Ironically, if early Cold War policies enabled Asian American populations to move away from segregated communities, the emergence of the Vietnam War promoted solidarities with those nonwhites they “had left behind.” Moreover, as Lowe points out, the very Asian wars that served to reoriented Chinese, Japanese, Filipino, and later Vietnamese American citizenship also ruptured each community's collective memory: “The 'past' that is grasped as memory is, however, not a naturalized, factual past, for the relation to that past is always broken by war, occupation, and displacement," Lowe writes. "Asian American culture 're-members' the past in and through the fragmentation, loss, and dispersal that constitutes the past.” (29) Still, the problem of race remained. As Brooks concludes, “California at mid century foreshadowed America at century’s end: a place where race was far more complicated than black and white and where international conflicts affected domestic race relations.” (239)

Ryan Reft

Thursday, April 1, 2010

Containing Multitudes: The New Communist Manifestoes a Decade Later

It has been ten years since Michael Hardt, a literature professor at Duke, and Antonio Negri, an imprisoned Italian radical, dropped
Empire on the academic world. The book has since been dubbed “the Communist Manifesto of the 21st century”; it has been assigned in graduate classes across the world; and it has enjoyed the backlash any successful work can expect to receive.

It has also been five years since Hardt and Negri gave us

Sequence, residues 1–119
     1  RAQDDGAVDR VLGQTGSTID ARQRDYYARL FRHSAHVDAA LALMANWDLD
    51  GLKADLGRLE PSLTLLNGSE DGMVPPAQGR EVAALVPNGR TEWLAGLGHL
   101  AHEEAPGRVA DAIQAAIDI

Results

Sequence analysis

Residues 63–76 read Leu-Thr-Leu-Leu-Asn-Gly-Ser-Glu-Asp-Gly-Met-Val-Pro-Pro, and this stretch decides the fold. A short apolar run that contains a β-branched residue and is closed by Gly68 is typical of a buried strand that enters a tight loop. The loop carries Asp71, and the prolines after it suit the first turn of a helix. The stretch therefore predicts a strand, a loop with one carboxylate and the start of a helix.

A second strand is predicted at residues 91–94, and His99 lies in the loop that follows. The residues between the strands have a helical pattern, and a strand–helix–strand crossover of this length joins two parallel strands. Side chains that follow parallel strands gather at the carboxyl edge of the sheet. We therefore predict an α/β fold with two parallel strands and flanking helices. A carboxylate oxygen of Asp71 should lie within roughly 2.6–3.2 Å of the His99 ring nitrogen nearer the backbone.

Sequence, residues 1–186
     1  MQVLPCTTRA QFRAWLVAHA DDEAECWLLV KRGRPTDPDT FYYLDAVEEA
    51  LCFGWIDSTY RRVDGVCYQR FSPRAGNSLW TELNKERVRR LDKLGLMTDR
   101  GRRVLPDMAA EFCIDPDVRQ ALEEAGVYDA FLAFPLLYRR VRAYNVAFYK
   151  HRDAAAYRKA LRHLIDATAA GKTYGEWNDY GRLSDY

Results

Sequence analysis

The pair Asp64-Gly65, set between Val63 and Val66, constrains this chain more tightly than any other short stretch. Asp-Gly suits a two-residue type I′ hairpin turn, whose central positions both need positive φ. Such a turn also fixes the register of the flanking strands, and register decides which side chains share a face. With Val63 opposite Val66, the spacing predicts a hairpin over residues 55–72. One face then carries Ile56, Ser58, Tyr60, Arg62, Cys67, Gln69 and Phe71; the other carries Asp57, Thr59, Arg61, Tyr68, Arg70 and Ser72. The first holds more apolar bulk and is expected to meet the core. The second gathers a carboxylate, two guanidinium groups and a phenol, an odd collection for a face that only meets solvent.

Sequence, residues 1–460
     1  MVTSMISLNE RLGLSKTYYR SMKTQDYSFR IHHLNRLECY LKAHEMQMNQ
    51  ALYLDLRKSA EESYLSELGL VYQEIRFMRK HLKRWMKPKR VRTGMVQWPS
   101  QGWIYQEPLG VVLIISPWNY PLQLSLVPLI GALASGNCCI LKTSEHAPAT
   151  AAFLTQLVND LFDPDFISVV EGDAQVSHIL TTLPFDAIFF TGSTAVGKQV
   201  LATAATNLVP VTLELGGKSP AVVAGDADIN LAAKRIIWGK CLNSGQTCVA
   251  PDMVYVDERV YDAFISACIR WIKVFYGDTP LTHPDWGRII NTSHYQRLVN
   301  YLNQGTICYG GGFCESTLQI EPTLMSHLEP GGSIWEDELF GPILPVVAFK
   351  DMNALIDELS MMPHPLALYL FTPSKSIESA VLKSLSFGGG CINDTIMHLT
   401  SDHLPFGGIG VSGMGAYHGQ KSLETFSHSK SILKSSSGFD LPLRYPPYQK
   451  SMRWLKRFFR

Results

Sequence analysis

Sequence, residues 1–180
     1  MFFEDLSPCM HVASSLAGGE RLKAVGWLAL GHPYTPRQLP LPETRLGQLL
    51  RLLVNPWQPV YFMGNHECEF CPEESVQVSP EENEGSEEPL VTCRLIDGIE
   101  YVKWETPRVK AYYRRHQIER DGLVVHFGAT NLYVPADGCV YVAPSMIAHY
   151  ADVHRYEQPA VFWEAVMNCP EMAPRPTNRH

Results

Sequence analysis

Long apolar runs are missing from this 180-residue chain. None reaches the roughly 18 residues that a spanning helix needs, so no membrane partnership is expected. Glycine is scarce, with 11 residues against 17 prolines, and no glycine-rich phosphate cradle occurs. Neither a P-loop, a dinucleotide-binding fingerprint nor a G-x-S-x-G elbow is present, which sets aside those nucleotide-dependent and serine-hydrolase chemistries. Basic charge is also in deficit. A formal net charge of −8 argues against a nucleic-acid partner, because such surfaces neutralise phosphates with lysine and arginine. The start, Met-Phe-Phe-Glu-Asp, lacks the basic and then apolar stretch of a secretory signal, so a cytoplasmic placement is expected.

Multitude, in which they tried to square their analysis of a centerless, nonstate imperialism with the violent reassertion of US nationalism that followed the terrorist attacks of September 11th, 2001. A lot changed after the first book’s release, and it is safe to say the world is a rather different place today than it was in 2005. How do the premier treatises of neo-Marxism hold up today?

Like its predecessor, Multitude attempts to synthesize the work of a variety of thinkers (Deleuze, Castells, Foucault) into a grand update of Marxism for the world of 21st century globalization. Though much clearer and more understandable than, say, Deleuze,
Empire could still be a dense and difficult read. Packed with theoretical references and historical and literary allusions, Multitude is comparatively more accessible and significantly shorter than its predecessor.

More importantly,
Multitude aims to show how people might resist the all-pervasive power of global capitalism. Empire suggested that conventional understandings of imperialism, colonialism, and neo- or post-colonialism were inadequate for the 1990s era, in which the US emerged as the sole “superpower” yet did not exert direct political control over other nations in the traditional sense of European and Asian empires (e.g. the British or Japanese). Hardt and Negri argued that the real “Empire” was a skein of commercial and political relationships that encircled the globe, operating without a clear center but enfolding most of the world’s people within the norms of international trade and the dominance of multinational corporations. Exemplars of this new, de-centered form of imperial rule included trade agreements like NAFTA, GATT, and the WTO, as well as the less formalized protocols of business – what Hardt and Negri call in Multitude the “lex mercatoria.” This system “originally referred to the legal structures that governed trade among merchants in medieval Europe at centers outside the jurisdictions of all the sovereign powers,” they write (169):